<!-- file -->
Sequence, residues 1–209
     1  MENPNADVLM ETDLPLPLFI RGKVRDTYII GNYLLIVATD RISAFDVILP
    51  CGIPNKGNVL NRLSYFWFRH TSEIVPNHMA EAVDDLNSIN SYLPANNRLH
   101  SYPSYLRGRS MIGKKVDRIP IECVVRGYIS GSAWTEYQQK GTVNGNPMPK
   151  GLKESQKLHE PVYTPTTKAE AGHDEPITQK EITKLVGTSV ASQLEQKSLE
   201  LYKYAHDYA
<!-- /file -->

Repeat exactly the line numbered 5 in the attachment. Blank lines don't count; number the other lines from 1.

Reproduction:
   151  GLKESQKLHE PVYTPTTKAE AGHDEPITQK EITKLVGTSV ASQLEQKSLE